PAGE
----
1. Explore the neighborhood you live in and don’t only stay on Nevsky Prospect. While there are many incredible things to see along Nevsky Prospect, the main drag, staying off Nevsky will allow you to see other attractions without the crowds of foreign and domestic tourists as well as helping to improve your Russian, as one is less likely to find English speakers further away from Nevsky.
2. Start trying to speak Russian as much as possible early on. While the prospect of avoiding English appears daunting and sometimes frustrating, you will notice that your Russian will improve rapidly and soon you will be able to express yourself more fully without having to resort to English or on the spot translations.
3. Come up with a realistic, achievable list of places to visit in St. Petersburg in the first few weeks and try to fit at least one in a week. Four months appears long on paper, but it will pass by rapidly. Don’t consistently walk past places that look interesting and think “I’ll go there next week…” Next week will become next month and so on, then you’ll notice there are so many places to visit and no time to visit them.
4. Resist the urge to spend hours every day on English language websites to get the daily news or entertainment. Watch the news in Russian and watch Russian TV shows. Reading news articles in Russian will exponentially expand your vocabulary along with allowing you to see your country in the news from a foreign perspective. Want to learn about Russian humor or just improve your intonation and pronunciation? Watch Russian TV.
5. Explore the Suburbs of St. Petersburg. It’s true that four months or even a year is a short amount of time to really experience all the city has to offer, don’t overlook the equally impressive suburbs which are home to extremely important historical places, especially the Catherine Palace in Tsarskoye Tselo, which is a short train or bus ride from Petersburg.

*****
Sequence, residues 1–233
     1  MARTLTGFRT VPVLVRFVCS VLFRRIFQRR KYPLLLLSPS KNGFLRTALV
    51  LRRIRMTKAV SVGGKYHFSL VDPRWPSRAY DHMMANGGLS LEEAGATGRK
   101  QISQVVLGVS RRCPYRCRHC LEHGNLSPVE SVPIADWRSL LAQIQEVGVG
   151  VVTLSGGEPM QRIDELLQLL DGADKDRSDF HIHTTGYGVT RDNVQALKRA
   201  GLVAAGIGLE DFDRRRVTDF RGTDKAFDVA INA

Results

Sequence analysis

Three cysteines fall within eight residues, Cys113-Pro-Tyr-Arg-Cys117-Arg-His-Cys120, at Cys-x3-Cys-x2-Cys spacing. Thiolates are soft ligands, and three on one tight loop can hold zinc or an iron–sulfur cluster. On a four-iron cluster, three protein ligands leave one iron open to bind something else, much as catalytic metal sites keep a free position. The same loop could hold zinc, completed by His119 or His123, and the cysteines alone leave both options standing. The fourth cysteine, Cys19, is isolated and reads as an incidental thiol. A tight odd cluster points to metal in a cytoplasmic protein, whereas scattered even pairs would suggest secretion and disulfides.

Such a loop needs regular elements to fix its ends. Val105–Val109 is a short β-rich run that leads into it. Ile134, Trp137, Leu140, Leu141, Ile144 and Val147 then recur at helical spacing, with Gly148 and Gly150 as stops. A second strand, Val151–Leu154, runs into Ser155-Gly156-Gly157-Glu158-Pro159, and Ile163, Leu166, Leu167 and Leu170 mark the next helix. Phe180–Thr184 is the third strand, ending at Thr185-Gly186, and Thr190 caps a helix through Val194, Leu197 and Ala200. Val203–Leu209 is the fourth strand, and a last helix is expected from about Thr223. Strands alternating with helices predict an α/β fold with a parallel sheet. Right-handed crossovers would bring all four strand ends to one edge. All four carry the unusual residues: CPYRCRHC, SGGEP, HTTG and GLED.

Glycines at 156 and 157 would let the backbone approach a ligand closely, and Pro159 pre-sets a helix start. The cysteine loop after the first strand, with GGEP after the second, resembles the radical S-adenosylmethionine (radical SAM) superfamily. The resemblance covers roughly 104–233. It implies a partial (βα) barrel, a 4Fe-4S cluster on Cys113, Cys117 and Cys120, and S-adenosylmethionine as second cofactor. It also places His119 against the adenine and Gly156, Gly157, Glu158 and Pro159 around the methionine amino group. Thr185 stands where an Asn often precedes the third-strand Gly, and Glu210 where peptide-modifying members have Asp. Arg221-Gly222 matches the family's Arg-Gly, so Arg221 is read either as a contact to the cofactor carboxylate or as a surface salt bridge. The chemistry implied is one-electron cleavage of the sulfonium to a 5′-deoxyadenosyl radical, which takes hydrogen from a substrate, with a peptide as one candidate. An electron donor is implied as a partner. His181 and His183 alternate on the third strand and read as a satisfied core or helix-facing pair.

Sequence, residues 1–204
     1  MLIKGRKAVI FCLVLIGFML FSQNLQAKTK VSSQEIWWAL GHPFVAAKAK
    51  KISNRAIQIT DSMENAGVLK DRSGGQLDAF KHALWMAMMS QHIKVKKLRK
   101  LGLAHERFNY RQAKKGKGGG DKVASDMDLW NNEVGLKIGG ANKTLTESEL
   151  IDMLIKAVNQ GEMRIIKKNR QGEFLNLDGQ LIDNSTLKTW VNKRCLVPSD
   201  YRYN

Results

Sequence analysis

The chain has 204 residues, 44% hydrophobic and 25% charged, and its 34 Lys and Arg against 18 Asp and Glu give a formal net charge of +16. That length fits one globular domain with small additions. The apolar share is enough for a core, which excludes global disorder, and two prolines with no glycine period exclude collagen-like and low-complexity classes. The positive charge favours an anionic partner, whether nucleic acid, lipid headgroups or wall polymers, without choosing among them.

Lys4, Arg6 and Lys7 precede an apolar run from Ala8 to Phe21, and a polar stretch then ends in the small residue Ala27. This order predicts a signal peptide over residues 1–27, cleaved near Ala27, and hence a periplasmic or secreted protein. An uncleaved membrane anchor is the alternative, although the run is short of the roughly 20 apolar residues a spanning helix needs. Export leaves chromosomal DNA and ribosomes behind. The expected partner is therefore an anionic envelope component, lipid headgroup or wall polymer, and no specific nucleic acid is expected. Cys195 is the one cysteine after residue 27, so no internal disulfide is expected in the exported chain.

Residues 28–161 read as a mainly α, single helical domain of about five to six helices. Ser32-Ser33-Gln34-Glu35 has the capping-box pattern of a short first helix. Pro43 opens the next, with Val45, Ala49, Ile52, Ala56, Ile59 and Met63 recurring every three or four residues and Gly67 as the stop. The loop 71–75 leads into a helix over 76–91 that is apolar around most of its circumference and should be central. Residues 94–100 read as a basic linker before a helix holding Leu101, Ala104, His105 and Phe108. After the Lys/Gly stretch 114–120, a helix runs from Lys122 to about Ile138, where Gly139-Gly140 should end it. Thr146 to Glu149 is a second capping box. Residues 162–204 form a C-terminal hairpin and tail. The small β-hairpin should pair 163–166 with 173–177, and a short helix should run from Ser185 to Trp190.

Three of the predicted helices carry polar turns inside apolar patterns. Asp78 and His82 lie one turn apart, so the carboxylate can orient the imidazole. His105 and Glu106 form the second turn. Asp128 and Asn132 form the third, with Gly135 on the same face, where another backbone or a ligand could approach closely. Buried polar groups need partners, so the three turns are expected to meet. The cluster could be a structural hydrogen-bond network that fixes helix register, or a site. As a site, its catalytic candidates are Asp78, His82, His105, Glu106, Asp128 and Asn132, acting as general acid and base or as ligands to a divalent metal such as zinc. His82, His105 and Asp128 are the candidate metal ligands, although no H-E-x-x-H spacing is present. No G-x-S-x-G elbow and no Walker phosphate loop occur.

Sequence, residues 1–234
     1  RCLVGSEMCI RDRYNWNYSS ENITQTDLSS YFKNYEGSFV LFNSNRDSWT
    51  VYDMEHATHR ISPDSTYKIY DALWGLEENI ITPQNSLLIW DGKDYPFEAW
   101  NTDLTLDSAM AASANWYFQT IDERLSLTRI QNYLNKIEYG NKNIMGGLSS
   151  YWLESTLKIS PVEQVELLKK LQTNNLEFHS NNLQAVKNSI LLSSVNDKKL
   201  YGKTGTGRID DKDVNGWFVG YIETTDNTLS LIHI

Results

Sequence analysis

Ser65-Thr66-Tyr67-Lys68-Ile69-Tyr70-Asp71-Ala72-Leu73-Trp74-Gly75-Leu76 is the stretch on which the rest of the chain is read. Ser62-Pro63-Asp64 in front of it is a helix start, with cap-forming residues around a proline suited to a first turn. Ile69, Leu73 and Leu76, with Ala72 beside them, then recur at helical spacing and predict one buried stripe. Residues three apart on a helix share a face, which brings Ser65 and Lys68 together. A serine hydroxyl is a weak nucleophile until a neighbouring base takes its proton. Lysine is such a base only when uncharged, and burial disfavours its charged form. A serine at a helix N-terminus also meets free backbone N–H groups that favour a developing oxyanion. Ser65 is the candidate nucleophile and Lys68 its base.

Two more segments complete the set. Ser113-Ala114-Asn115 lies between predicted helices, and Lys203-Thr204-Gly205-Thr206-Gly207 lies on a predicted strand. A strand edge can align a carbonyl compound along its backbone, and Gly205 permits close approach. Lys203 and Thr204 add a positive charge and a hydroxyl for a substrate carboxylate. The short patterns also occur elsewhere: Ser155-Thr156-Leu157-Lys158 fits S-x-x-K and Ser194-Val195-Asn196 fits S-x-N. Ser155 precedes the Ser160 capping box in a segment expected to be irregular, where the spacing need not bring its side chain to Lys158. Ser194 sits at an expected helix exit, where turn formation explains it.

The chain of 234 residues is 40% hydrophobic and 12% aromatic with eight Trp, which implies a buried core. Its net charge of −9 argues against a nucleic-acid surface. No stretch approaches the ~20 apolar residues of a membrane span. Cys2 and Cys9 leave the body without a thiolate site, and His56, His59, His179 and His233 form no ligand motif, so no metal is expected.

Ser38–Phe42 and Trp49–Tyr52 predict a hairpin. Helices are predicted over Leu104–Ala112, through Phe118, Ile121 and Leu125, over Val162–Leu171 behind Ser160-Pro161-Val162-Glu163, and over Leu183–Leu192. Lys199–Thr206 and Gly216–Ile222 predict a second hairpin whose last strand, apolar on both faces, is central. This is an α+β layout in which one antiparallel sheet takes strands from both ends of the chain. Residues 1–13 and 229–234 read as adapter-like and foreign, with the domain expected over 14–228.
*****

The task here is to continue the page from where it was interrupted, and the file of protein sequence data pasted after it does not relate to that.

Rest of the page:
6. Go on all the excursions included in the program. Although you will be required to attend a set number of excursions as part of the program, I recommend going on all of them. The first reason is fairly compelling: you paid for it! Furthermore, many of the excursions will take you to places that you otherwise would likely not know about on your own or are difficult to access without prior planning. Also, it’s a great way to socialize with a group of friends and fellow students and RD’s while improving your Russian in a more comfortable environment than on the street. Did I mention you paid for them?
7. If you want to make Russian friends, then speak with Russians! When you are out on town with your friends, try to go up and talk to Russians that are your age, and while it can be intimidating at first to “break the cultural ice” most Russians are happy to see a foreigner taking enough interest in their country to have moved here to study Russian. Obviously one should exercise discretion regarding speaking with strangers, but that is no more of an issue here than in any other country. Speaking with them will teach you many cool slang words that your professors won’t and they can be great sources of information regarding cool things to do in St. Petersburg.
8. Don’t compare your level of Russian with native speakers. Russian is an inherently challenging language to learn, so do not make it harder mentally by thinking that your Russian is weak because all these native speakers are speaking faster and more articulately. This unfair, and unnecessary, comparison can cause students to “check out” and figure learning Russian is impossible. Instead of that, set small, specific, and achievable goals for yourself in the language every day and compete against yourself. Nobody, and especially not your teachers or peers, expects you to become fluent in Russian overnight. If it were that simple, more people would speak Russian. Take pride in the fact that you are studying a difficult, but entirely learnable, language that few other people outside of the former Soviet Union speak.